I began a quest to get inspired and to do something outside of the rigorous academic life I had imposed upon myself. I began to read and write and explore my feelings. For an entire summer I let myself be angry, I let myself cry and be depressed, and I questioned everything that had happened to me. I let myself dwell on what I had lost, and allowed myself to reassess how I thought about my body. It was no longer just this thing that had failed me once and had to make up for its shortcomings by letting me perform at the insane pace I demanded of myself.
I began to try to like my body again, and I took the time to celebrate the small and great victories I had achieved after the amputation. This body that I thought was broken got up to use crutches the day after it underwent major surgery. This body let go of phantom pain quickly. This body learned to walk with and without a prosthetic leg. This body took me to school and to work. Those realizations added up, and I came to understand that my body was working at capacity, and, far from letting me down, it was allowing me to go on. I needed to take care of it.
My enthusiasm for health and fitness began then. I read up on holistic eating and got a gym membership. I hired a personal trainer, and although that helped shed a few pounds, I knew it wasn't for me. My sister, who's always been there for me, helped me find ways to modify exercises so that I could maximize my workouts. I began to change my diet and was surprised at how good eating right made me feel. I felt happy when I had water and lemon first thing in the morning, followed by either a green or berry smoothie.
Finding out that I enjoy eating right was the first great discovery, and yoga was the second one. I found out that I could do most poses, and even if I had to sit some out, I felt great when I challenged my body. There is a calm to it that I enjoy and it makes me happy.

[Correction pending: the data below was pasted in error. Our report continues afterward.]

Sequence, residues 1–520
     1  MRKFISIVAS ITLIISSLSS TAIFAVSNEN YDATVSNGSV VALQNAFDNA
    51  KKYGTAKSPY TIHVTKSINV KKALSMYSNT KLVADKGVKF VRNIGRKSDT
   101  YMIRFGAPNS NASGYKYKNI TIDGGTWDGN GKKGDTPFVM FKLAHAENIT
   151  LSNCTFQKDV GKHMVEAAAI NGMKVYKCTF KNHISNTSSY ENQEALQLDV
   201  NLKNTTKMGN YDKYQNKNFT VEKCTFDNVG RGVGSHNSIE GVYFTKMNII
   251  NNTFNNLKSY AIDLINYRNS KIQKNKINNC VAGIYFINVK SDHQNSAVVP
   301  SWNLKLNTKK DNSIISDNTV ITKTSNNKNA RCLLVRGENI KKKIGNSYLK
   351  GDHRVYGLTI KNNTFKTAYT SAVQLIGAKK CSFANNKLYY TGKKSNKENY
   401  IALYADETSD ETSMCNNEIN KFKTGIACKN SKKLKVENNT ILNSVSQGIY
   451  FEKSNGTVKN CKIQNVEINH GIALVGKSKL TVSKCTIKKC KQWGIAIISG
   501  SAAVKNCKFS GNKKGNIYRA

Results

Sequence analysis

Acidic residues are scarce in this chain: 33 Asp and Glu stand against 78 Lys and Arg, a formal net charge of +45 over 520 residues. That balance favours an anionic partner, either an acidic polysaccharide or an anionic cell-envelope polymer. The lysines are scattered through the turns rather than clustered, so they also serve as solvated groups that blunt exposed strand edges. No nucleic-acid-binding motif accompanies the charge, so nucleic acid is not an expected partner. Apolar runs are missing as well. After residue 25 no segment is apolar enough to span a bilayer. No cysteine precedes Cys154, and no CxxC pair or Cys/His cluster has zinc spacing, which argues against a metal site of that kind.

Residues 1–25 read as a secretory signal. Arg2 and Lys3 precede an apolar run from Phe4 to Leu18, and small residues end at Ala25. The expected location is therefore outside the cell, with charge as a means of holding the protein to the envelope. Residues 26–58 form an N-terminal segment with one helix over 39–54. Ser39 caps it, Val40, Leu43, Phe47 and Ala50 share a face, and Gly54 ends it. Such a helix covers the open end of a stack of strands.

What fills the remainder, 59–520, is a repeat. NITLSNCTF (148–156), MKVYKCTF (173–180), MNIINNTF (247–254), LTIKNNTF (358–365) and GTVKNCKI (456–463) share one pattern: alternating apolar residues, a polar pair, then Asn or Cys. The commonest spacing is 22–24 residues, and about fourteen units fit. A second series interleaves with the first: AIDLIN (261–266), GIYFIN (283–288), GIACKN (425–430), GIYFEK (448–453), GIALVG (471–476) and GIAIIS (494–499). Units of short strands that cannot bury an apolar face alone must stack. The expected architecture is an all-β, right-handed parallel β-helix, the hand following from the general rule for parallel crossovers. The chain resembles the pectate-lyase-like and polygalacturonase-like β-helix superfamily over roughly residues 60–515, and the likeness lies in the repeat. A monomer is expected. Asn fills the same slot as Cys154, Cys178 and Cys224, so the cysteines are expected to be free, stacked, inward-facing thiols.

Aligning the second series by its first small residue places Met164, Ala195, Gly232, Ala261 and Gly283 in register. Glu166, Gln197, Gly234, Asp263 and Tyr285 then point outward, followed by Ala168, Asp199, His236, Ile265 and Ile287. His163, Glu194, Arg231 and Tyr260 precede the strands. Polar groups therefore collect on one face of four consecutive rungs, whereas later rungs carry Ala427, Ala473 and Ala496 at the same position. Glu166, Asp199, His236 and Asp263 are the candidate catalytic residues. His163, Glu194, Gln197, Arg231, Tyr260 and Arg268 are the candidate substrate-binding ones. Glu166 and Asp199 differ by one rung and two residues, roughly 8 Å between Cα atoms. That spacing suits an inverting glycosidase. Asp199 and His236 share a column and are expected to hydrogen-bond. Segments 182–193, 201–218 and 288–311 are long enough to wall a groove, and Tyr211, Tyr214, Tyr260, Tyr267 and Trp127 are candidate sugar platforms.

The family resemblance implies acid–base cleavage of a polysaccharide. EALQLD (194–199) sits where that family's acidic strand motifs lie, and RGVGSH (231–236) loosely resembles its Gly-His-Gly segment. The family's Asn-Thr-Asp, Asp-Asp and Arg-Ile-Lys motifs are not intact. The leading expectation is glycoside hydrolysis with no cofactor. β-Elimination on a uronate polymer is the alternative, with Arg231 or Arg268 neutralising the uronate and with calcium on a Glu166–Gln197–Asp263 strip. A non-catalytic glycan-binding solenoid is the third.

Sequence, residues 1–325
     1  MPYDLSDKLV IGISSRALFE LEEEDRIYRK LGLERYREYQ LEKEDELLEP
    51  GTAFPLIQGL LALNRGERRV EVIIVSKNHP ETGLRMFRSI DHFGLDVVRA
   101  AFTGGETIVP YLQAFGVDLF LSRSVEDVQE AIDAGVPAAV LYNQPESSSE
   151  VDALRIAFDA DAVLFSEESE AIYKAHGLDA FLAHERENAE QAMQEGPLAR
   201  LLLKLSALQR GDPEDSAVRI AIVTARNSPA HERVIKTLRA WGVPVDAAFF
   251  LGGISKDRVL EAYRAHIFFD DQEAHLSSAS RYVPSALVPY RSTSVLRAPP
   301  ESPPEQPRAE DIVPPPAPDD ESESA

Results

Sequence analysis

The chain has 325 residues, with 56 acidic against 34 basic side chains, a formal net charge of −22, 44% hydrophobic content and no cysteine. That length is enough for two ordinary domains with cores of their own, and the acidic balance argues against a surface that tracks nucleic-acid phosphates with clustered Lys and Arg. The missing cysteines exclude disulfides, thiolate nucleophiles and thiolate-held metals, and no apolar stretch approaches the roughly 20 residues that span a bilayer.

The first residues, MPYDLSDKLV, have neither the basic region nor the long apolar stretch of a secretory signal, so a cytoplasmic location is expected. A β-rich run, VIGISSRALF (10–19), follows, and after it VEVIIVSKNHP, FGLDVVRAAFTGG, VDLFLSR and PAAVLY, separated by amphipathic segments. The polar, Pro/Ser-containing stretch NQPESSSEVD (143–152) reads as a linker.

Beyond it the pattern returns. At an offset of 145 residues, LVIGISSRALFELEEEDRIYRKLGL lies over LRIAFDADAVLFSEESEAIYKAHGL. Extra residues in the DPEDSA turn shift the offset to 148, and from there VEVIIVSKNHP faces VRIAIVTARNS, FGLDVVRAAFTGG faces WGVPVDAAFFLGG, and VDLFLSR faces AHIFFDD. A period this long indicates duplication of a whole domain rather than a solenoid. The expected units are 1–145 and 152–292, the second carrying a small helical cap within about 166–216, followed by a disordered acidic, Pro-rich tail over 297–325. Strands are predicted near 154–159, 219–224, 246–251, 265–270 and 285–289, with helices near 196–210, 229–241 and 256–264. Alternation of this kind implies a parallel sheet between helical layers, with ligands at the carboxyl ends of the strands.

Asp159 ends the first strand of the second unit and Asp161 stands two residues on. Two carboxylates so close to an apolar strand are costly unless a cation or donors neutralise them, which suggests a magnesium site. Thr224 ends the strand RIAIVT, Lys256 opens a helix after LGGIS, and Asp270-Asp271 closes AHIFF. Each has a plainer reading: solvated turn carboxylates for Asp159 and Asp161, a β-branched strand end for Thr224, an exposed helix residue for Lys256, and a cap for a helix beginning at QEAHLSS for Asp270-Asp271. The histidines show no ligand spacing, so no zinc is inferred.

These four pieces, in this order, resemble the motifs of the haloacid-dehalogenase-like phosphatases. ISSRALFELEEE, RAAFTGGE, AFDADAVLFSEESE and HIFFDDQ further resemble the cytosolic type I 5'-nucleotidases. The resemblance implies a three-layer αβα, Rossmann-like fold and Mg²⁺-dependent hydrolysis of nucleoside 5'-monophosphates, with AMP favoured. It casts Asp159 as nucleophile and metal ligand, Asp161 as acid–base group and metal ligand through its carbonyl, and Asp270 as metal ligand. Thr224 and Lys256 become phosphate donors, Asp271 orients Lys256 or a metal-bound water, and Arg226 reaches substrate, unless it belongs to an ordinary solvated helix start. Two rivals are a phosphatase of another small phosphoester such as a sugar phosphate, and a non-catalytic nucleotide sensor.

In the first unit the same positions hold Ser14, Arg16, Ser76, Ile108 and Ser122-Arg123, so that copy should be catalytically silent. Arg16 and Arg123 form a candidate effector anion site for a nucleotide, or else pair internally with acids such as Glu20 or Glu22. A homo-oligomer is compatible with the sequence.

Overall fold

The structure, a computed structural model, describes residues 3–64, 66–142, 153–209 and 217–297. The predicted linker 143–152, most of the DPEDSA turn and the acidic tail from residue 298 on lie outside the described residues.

Sometime along the way I also discovered the power of affirmations. Telling myself that things are going to be all right and that I love myself has been a powerful tool in the road to self-discovery and self-love. My last, and fairly recent, great discovery was meditation. My mind is a speed-racing machine, and through meditation I've come to gain better control over the constant state of anxiety I lived in. I use meditation now as a way to get myself ready to sleep and to find my center and ground myself when I’m stressed.
It's been eight years since the amputation. I know I've come a long way. I'm not the 17-year-old girl who lived care free, nor am I the girl who found out she needed an amputation and chose to rush through life and ignore it. The “me” I am now is a young woman, whose body is not the type of body you see in magazines or TV shows, and that’s OK. Most mornings I wake up and I feel “right.” I look in the mirror and I feel beautiful, powerful, and deserving of love.
On the mornings that I don’t, I remind myself to dig a little deeper and find the words I learned during this eight-year journey: “I am grateful that my body is strong and capable, and I cherish it by taking care of it.”